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We continue to expect our full-year tire unit volume for 2014 will be up between 2% and 3% compared to 2013 and cost savings to offset general inflation and additional expenditures for advertising, marketing and research and development. We now expect a favorable impact from changes in unabsorbed fixed costs of $50 million to $75 million in 2014, with the remaining benefits of increased consumer and commercial tire production being largely offset by reduced off-the-road ("OTR") tire production for the remainder of 2014. Based on current raw material spot prices, for the full year of 2014, we expect our raw material costs will be lower than 2013. We now expect net raw material costs and price and product mix to be slightly positive in 2014, in spite of the negative mix impact of reduced OTR tire sales. Natural and synthetic rubber prices and other commodity prices have experienced significant volatility, and this estimate could change significantly based on fluctuations in the cost of these and other key raw materials. In order to mitigate some of the impact of raw material costs, we are continuing to focus on price and product mix, to substitute lower cost materials where possible and to work to identify additional substitution opportunities, to reduce the amount of material required in each tire, and to pursue alternative raw materials. See "Forward-Looking Information - Safe Harbor Statement" for a discussion of our use of forward-looking statements in this Form 10-Q.

RESULTS OF OPERATIONS



CONSOLIDATED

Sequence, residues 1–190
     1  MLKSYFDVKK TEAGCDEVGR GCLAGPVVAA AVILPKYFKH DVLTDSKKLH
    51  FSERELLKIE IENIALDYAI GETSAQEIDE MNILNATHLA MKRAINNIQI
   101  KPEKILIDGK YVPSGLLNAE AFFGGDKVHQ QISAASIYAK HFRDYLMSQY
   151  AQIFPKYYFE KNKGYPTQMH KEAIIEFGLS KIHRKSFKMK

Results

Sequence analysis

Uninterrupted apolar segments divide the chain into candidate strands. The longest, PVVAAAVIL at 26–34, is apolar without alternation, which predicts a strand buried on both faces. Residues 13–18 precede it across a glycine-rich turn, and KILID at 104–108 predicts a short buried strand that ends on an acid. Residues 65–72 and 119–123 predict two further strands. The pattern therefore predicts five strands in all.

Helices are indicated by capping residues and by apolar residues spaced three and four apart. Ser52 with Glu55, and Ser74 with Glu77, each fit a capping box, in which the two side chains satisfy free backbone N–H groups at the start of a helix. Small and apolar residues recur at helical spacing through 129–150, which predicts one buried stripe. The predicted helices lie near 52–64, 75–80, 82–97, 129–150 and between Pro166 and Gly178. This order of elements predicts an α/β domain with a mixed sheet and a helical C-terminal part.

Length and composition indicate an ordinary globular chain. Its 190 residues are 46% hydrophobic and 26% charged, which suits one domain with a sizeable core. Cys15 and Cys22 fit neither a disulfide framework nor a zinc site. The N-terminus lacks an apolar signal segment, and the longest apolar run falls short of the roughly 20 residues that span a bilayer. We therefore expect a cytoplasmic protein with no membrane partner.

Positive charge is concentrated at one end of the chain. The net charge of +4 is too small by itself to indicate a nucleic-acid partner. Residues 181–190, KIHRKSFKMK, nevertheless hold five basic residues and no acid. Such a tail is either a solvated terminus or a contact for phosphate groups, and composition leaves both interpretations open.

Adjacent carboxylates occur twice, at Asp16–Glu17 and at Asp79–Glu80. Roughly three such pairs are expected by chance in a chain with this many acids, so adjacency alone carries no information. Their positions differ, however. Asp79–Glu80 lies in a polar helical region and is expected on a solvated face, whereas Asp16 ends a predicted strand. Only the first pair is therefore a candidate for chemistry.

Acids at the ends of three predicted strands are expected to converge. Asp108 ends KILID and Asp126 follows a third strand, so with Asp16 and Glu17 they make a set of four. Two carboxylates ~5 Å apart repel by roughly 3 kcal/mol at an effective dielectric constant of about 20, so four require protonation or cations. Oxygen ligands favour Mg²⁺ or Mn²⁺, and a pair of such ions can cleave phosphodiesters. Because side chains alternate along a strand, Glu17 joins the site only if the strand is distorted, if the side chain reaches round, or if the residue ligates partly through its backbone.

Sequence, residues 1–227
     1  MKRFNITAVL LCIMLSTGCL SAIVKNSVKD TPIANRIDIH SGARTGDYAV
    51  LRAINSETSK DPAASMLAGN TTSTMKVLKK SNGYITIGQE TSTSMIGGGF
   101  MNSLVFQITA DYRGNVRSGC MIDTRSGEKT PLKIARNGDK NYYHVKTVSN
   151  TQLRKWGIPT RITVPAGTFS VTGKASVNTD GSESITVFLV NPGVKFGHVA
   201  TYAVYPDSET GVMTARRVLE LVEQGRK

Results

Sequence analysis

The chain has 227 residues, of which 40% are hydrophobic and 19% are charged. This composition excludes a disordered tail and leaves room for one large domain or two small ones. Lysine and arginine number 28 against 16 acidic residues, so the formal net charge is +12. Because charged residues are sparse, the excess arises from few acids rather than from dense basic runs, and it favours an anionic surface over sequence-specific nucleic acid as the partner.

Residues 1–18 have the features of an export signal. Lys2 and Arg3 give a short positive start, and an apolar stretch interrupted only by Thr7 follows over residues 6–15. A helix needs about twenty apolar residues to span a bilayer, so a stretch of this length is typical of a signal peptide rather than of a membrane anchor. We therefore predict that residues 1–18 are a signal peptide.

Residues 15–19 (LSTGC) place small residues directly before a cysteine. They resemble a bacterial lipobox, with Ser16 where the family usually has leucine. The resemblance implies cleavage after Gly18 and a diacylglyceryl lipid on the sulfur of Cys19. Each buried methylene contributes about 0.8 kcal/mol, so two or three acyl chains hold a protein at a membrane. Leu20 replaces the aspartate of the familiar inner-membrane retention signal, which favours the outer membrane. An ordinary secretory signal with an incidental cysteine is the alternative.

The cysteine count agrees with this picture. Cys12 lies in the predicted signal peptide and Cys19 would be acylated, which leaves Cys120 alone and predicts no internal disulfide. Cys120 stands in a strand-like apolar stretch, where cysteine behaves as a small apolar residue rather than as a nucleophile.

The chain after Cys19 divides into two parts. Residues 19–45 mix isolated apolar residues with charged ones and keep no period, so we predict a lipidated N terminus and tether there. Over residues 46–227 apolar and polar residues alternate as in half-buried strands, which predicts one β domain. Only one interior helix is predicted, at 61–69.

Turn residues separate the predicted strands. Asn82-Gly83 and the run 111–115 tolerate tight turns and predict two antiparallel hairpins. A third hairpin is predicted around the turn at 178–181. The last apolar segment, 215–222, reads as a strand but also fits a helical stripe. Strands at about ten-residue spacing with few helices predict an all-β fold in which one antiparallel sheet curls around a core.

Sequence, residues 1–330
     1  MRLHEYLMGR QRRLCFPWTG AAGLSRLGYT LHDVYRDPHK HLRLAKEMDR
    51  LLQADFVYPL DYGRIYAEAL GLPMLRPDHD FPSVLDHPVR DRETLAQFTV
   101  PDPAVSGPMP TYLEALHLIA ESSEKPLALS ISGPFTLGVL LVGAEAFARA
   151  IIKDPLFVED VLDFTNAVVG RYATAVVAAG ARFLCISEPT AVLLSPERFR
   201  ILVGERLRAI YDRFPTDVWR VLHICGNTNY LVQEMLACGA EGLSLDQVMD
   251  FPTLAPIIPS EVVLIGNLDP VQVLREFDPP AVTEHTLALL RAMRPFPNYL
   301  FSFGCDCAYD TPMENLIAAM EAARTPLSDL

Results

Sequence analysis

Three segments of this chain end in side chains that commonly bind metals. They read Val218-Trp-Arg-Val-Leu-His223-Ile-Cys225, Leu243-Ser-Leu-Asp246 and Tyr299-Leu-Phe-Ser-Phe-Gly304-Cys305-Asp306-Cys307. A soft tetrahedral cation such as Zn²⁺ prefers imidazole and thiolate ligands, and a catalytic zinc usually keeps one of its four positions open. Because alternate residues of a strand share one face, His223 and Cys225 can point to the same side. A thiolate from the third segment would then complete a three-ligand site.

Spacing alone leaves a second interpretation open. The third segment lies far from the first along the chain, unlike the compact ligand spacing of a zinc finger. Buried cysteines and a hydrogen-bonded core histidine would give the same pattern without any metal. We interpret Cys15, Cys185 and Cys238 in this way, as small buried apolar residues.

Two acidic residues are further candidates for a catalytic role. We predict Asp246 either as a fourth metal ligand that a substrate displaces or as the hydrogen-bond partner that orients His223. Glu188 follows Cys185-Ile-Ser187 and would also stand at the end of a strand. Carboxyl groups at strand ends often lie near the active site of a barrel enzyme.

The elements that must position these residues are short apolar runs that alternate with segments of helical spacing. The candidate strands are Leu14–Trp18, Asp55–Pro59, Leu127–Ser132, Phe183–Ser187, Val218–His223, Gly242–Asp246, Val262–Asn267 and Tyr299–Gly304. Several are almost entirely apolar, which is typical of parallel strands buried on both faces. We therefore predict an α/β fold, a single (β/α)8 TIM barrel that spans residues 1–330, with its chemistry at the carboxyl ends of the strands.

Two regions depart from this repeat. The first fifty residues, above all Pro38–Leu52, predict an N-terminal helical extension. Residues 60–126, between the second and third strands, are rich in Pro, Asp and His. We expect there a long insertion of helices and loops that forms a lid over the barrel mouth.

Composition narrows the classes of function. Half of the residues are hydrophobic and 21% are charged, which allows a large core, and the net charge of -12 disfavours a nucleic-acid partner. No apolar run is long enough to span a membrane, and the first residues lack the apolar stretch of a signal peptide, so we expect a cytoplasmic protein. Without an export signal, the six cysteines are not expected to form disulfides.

Net sales in the first quarter of 2014 were $4,469 million, decreasing $384 million, or 7.9%, from $4,853 million in the first quarter of 2013. Goodyear net loss was $51 million in the first quarter of 2014, compared to net income of $33 million in the first quarter of 2013. Goodyear net loss available to common shareholders was $58 million, or $0.23 per share, in the first quarter of 2014, compared to net income available to common shareholders of $26 million, or $0.10 per share, in the first quarter of 2013. Net sales decreased in the first quarter of 2014, due primarily to lower sales in other tire-related businesses of $202 million, primarily in North America due to a decrease in the volume of third-party chemical sales, unfavorable foreign currency of $126 million, primarily in Latin America and Asia Pacific, and a decline in price and product mix of $98 million, primarily in EMEA and North America as a result of the impact of lower raw material costs on pricing. These declines were partially offset by higher tire volume of $44 million, primarily in EMEA. Worldwide tire unit sales in the first quarter of 2014 were 40.0 million units, increasing 0.5 million units, or 1.2%, from 39.5 million units in the first quarter of 2013. The increase in units was driven primarily by EMEA, partially offset by a decrease in Latin America, primarily in Venezuela. Replacement tire volume increased 0.7 million units, or 2.6%, primarily in EMEA. Original equipment ("OE") tire volume decreased 0.2 million units, or 1.8%, primarily in Latin America. Cost of goods sold ("CGS") in the first quarter of 2014 was $3,518 million, decreasing $422 million, or 10.7%, from $3,940 million in the first quarter of 2013. CGS decreased due to lower costs in other tire-related businesses of $202 million, lower raw material costs of $155 million, favorable foreign currency translation of $95 million, primarily in Latin America and Asia Pacific, and lower conversion costs of $54 million. These decreases were partially offset by higher volume of $42 million, primarily in EMEA. Conversion costs were favorably impacted by lower under-absorbed fixed overhead costs of approximately $48 million due to higher production volume, primarily in EMEA and North America. CGS in the first quarter of 2014 included pension expense of $44 million, excluding the pension curtailment and settlement charges described below, which decreased from $63 million in the first quarter of 2013, due primarily to increased funding and returns on higher pension assets related to our North America plans. CGS in the first quarter of 2014 included a pension curtailment loss of $33 million ($32 million after-tax and minority) as a result of the future accrual freezes to pension plans in North America and a pension settlement loss of $5 million ($4 million after-tax and minority) related to lump sum payments to settle certain liabilities for our U.K. pension plans. The first quarter of 2014 also included accelerated depreciation of $1 million ($1 million after-tax and minority) compared to $5 million ($4 million after-tax and minority) in the 2013 period, which was primarily related to the plan to close one of our manufacturing facilities in Amiens, France. CGS was 78.7% of sales in the first quarter of 2014 compared to 81.2% in the first quarter of 2013. CGS also included savings from rationalization plans of $10 million and an additional savings of $6 million related to the the closure of one of our manufacturing facilities in Amiens, France. SAG in the first quarter of 2014 was $667 million, increasing $22 million, or 3.4%, from $645 million in the first quarter of 2013. The increase in SAG was due to higher incentive compensation costs, primarily driven by improved operating results in recent years and an increase in the Company's stock price. SAG was 14.9% of sales in the first quarter of 2014, compared to 13.3% in the first quarter of 2013. SAG in the first quarter of 2014 included pension expense of $14 million, compared to $16 million in 2013, primarily related to North America. SAG also included savings from rationalization plans of $6 million. We recorded net rationalization charges of $41 million ($29 million after-tax and minority) in the first quarter of 2014. Net charges include charges of $61 million for associate severance and idle plant costs, partially offset by a pension curtailment gain of $20 - 32-